A busy summer of international soccer is about to kick off, but before it does, let's close the final chapter of the Liga MX 2019 Clausura, with the good, the bad and the ugly of the season in Mexico.
Leon was the team of the Clausura and the most positive thing about the season, even if Tigres did win the title. La Fiera won 41 points in the regular season, scored 41 goals over 17 matches and made history by winning 12 consecutive games. It was a remarkable achievement for Ignacio "Nacho" Ambriz and his team.
Tigres clearly deserve a mention. It wasn't pretty and you still get the feeling there is another gear to click into, but the Clausura title did add another layer to further the already strong argument that this is the best team of the decade. Life at Tigres is an oasis of calm and long-term planning in a league notorious for its volatility and short-termism. Playing vastly experienced players and a style that prioritizes ball retention might not be the most exciting for the neutral, but Tigres under Ricardo "Tuca" Ferretti have such an entrenched identity that this team will go down in history.
In terms of players, Monterrey's 22-year-old Carlos Rodriguez broke out in a major way. The midfielder earned a starting spot at Rayados, kept it and appears on the path to become a Mexico regular in the years to come.
Veracruz is the obvious candidate here: It ended the season on zero points. But Chivas and Pumas finishing in 14th and 15th, respectively, was also poor given their stature. As the somewhat repetitive debate rolls on as to which Liga MX teams deserve "grande" status, the fact Chivas will start next season in 16th in the relegation table and Pumas in 12th highlights that while those two teams may be popular, they aren't winning many football matches at present and didn't do so this season.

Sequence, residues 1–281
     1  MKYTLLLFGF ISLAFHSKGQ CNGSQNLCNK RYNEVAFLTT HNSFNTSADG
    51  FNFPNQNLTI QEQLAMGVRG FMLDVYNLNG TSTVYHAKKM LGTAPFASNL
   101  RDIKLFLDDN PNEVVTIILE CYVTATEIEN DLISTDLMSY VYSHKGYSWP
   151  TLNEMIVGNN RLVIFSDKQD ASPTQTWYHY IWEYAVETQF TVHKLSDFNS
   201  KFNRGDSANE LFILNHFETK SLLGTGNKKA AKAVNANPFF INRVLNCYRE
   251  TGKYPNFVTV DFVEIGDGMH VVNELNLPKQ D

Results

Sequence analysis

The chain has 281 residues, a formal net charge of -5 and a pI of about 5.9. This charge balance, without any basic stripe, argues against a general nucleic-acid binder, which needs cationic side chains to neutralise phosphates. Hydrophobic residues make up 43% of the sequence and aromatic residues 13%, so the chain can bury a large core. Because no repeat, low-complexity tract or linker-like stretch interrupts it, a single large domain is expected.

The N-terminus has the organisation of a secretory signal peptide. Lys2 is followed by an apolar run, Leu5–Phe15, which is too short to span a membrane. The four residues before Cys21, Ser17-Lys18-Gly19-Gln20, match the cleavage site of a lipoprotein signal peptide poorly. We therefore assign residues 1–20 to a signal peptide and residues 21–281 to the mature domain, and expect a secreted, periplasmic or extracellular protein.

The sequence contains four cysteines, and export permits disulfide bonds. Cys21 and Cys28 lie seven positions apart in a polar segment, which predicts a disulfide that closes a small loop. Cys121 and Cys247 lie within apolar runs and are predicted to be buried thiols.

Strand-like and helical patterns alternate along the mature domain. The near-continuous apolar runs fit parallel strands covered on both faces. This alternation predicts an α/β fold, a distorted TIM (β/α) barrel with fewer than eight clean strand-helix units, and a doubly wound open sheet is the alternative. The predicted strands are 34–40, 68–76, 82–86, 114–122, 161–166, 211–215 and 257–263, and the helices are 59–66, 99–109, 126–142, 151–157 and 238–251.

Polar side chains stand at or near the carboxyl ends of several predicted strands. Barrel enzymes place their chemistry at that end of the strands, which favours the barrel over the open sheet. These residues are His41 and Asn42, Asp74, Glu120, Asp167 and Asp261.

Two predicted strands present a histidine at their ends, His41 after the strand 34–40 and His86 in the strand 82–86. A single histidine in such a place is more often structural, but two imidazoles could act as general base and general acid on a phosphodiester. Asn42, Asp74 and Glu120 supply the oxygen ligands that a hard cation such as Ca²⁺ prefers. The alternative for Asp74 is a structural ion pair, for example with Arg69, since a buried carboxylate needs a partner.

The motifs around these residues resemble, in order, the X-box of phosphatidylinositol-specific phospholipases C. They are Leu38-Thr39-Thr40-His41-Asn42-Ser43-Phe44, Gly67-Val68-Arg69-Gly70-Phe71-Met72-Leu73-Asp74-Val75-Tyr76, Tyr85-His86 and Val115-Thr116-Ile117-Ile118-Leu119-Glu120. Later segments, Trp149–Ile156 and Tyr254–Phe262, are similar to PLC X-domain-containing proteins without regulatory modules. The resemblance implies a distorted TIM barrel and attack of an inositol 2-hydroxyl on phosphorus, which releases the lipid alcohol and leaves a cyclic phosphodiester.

Aside from those, 10 of the Liga MX's 18 teams changed coach during the regular season again bringing to the fore the lack of long-term commitment to processes and establishing an identity. In that respect, Ferretti, who has just completed nine years at Tigres, offers a counterbalance and the title was a reminder of the potential benefits of sticking with a process.
Finally, we have to talk a little more about Veracruz. Zero points -- four were taken away by FIFA due to Veracruz failing to make payments for a player -- is abysmal. The club has become an embarrassment to the league, although it was allowed to pay its way back in (see below)!
The relegation situation is confusing, unclear and has somehow allowed a historically bad team and ownership group to stay in Liga MX, even though it was relegated on the field.
Let's be clear, the port city of Veracruz on the Gulf of Mexico is a perfectly fine location for a team, but this ownership group has consistently failed to pay players on time, has threatened journalists and engages in the use of double-contracts. Allowing Tiburones to avoid relegation is hardly sending a message that this league is on the up.
Sticking with the ugly, the Clausura semifinal between Leon and America was badly managed and ended with Leon's players hanging around at a gas station waiting for notifications on where the first leg would be played. To be fair, Club America and the league couldn't have known that air pollution was set to make playing at Estadio Azteca impossible, but leaving it late to change the day of the game and then the location to Queretaro was a mess.
Finally, the final won't go down as a classic. Two tired teams in Leon and Tigres slugged it out and Tigres' superior defense brought home the title. It was an occasion in which you wondered whether it may be better for the Liga MX final to be played over one leg, at the stadium of the team with the better regular season point total.
Leon. Nacho Ambriz's team was expected to be in the playoff hunt at best but wound up first in the regular season.
A special mention also needs to be made for Guillermo Vazquez's Necaxa, who went out in the quarterfinal to Monterrey, but exceeded all expectations just by making the playoffs. This is a club that sells its best players -- like Brian Fernandez to the Portland Timbers -- and must've made money in the transfer market of late, but was very close to knocking out Monterrey, one of the favorites.
Team of the season
Angel Mena, Leon: Tallying 14 goals and 12 assists over 23 games is some achievement, with the only slight negative that the Ecuadorian didn't manage a goal over six playoff games.
Manager of the season
"Nacho" Ambriz, Leon: Javier Aguirre's former assist has turned his reputation as a somewhat defensive coach around. His Leon side was a flowing attacking unit that averaged 2.4 goals a game in the regular season.